Just back from seeing Sin City, which I enjoyed very much. I didn’t think you could make a film more violent than Kill Bill, but it’s apparently possible! It’s essentially a big cartoon so I was ok with it, although there was one scene which made even desensitized me recoil slightly.
Another busy day coming up tomorrow, but no exams this time. I’m in Dorridge for an early appointment, then off to Henley, then back to Knowle to see somebody at lunchtime. You’d think I actually have a job or something.
I picked up Coldplay’s X&Y and Dido’s No Angel over iTunes this week, and am enjoying them both. Coldplay are one of those bands whose songs always seem a little nothingy to me on first hearing, but after a few repititions I really get into them. This album is no different, and I’m slowly getting to like nearly every song. It’s interesting to compare Dido’s two albums, too. I’d only heard her second album, Life for Rent, and didn’t know she had quite such a strong voice behind her evocative softness. She’s great to listen to in the dark, just before going to sleep. iTunes is bad for me, though – I hardly used to buy any albums, and now I’m averaging one a week. From The Flaming Lips to Springsteen to Pulp, I’m picking up on all sorts of sounds I’m unfamiliar with.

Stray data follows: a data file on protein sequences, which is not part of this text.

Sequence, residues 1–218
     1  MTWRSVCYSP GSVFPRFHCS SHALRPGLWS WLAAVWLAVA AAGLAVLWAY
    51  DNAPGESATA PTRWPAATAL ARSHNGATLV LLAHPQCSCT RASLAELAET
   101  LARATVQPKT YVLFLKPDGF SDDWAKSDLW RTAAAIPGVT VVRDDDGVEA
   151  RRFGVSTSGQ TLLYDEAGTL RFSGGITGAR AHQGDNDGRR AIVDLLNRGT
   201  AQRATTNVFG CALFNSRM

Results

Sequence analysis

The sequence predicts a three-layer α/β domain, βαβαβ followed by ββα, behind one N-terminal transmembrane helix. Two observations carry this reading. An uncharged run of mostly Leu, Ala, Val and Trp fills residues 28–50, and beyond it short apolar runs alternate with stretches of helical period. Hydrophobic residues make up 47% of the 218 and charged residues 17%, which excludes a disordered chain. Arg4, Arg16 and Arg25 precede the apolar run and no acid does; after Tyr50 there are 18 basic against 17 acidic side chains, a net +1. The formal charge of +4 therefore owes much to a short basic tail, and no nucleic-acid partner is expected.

While I’ve never cared what people thought of my musical tastes (I’m a Celine Dion fan and don’t care who knows it) I did have a tendency to judge the performers first and decide whether I wanted to like their music. That sounds pretty stupid, but it wasn’t deliberate. Take Oasis. The lead singers are unpleasant in the extreme – I don’t think it’s decent behaviour to smash up hotel rooms and insult people in interviews, no matter what journalists say about it being so very rock ‘n roll – so I’d write off their music. But then “Crying Your Heart Out” was released when I was old enough to spot what I was doing, and I thought it was a fantastic song. I still don’t really know how to handle that. I suppose you could phrase it as asking whether art is separate from its practitioners, but that sounds a little wanky. Maybe I’m too used to polarisation – I can perfectly well like music without generally liking the people who make it, I think. There’s this tendency to want to judge things as a whole, but maybe that’s just not the way things are. What do you think?